dangerous trees?

Discussion in 'HortForum' started by Unregistered, Dec 25, 2003.

  1. What does it mean if the top of a yellow cedar tree goes brown?

    Is it safe for Ivy to completely encircle the trunk of a large douglas fir? all the way to the top? Should the ivy be removed, and how? The ivy has stems about 6" thick. There is a white liquid dripping down the tree. Are the trees dying, and are they a threat to fall on the house?

    How often do arbutus shed their leaves?
  2. T. Shane Freeman

    T. Shane Freeman Active Member

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    Brandon, Manitoba, Canada
    What kind of cedar are we talking about?
    - A small globe variety (Thuja occidentalis 'Little Giant')
    - A mature 35' Eastern Redcedar (Juniperus virginiana)

    Epiphytes are plants that characteristically grow up and into the canopy of their hosts. Typically, such plants, which would include some ivy's, do not cause death, but you should look for extreme girdling, which is causing severe constriction of the main leader/trunk or any lateral limbs/branches. If so, you may want to question the value of this particular tree! 6 inch diameter ivy will definitely be placing a large amount of stress on your Douglas, but you will have to take into account the time and money it will take to remove the problem...............that is depending on the size and maturity of this tree. In addition, always keep climber/worker safety in mind. Is removing the pathogen worth risking someone's life!

    The white liquid could either be host specific to the Douglas Fir or the ivy or an unobserved fungal body. Most-likely, you are noticing typical sap flow that has leaked out of the bark and gravity has graciously brought its presence to your attention.

    Arbutus.................Arbutus menziesii (Pacific Madrone) is an evergreen tree. Leaves are persistent until the new leaves are fully grown, 2 to 5 inches long. The mature leaves are then shed in the summer of the SECOND YEAR, turning red before dehiscing.

    T. Shane Freeman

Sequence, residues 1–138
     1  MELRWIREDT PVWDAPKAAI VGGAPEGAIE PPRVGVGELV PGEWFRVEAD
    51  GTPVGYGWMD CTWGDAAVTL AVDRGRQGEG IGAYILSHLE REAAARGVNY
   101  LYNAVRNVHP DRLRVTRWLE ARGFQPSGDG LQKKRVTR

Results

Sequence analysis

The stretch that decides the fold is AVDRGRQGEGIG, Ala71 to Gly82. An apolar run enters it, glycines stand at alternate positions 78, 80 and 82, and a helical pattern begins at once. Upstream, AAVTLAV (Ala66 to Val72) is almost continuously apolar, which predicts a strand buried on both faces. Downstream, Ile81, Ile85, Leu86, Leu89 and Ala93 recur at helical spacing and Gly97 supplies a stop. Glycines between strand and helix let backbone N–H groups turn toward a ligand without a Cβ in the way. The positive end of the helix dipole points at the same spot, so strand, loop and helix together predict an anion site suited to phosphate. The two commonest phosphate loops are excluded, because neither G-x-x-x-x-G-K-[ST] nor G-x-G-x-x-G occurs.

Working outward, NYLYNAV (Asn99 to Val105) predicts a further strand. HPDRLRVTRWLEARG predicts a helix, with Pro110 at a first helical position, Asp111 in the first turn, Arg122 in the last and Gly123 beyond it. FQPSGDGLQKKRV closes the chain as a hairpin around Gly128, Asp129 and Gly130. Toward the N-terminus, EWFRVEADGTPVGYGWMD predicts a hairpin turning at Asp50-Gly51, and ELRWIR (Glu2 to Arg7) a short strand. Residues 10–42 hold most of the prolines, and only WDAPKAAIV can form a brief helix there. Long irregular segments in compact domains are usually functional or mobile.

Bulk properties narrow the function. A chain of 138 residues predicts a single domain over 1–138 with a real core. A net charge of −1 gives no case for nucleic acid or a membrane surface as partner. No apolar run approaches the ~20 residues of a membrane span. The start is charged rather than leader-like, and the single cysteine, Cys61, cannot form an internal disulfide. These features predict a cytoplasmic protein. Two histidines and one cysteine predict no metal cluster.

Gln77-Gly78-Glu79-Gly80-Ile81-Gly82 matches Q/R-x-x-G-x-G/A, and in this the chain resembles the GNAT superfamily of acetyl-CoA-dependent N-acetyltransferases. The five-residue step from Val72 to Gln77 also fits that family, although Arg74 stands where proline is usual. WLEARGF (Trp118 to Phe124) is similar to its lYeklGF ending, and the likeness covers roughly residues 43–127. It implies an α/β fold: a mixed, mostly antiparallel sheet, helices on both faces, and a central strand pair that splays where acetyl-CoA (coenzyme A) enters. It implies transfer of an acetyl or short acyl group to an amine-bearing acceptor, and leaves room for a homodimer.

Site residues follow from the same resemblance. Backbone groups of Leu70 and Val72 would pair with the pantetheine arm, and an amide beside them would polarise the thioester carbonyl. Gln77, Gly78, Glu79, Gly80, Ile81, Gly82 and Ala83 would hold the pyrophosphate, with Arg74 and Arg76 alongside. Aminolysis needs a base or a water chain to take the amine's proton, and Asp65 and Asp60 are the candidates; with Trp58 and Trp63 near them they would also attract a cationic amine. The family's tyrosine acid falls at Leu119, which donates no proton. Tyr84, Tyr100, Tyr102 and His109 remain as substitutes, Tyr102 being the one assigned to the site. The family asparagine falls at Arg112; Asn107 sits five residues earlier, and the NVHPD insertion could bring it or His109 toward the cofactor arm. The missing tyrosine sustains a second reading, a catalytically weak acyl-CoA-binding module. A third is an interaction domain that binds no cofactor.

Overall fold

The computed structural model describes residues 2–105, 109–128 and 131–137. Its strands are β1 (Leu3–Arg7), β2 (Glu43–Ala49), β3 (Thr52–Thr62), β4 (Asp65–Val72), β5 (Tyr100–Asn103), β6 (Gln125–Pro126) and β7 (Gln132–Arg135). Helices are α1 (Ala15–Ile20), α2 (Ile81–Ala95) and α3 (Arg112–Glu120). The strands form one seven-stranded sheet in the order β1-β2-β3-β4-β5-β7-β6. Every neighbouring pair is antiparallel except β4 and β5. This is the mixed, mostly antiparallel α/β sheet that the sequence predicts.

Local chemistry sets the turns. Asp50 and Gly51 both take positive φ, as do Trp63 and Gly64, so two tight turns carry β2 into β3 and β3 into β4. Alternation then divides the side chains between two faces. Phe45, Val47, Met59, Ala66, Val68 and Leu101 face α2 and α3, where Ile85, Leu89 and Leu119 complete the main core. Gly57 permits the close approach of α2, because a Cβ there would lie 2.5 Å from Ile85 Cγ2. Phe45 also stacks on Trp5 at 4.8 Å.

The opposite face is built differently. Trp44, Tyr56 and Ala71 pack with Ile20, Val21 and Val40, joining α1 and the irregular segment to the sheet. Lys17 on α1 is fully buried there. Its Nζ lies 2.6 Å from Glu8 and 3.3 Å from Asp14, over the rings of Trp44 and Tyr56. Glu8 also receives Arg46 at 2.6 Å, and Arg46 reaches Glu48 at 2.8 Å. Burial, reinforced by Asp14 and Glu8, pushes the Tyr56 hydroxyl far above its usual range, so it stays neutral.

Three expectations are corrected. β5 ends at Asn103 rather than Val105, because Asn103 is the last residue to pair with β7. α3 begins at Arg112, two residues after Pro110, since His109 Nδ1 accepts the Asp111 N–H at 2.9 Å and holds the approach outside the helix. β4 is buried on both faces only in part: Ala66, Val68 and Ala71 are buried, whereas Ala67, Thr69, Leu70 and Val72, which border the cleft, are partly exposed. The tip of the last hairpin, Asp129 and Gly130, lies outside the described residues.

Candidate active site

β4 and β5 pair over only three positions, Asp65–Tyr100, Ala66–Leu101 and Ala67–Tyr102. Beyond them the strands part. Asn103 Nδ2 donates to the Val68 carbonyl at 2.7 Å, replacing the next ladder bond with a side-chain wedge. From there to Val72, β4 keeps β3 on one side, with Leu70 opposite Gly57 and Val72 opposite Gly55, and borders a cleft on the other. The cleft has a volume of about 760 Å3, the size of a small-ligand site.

3. Daniel Mosquin

    Daniel Mosquin Paragon of Plants UBC Botanical Garden Forums Administrator Forums Moderator 10 Years

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    Vancouver, British Columbia, Canada
    Yellow cedar - Chamaecyparis nootkatensis (link to Virginia Tech Dendrology Department). I usually assume browning of the crown in a conifer means that the tree is on its way out, but I could be wrong - it's not my area of expertise.
  4. Bill

    Bill Active Member 10 Years

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    West Van

    In severe cases of Hedera 'infestation, the mass of ivy leaves causes the tree to have greenery only at the tips. I understand that eventually the tree may die if left encumbered with the ivy, but if it is not too bad, you can remove it and hope that the tree will eventually fill in.

    I had a couple of trees de-ivied (also with trunks of ivy 15 cm in diameter) and they have recovered quite well.

    If you don't want to go to the expense of having someone remove all the ivy, take a saw and cut a 30 cm. section out of all of the ivy trunks, and then put up with a season of dead ivy leaves raining down, followed by continued vigilance that it doesn't start to creep back up. After the first mess, there isn't much visual problem as the ivy trunks are close to the tree, but it can take a long time for it to die after you have cut it.

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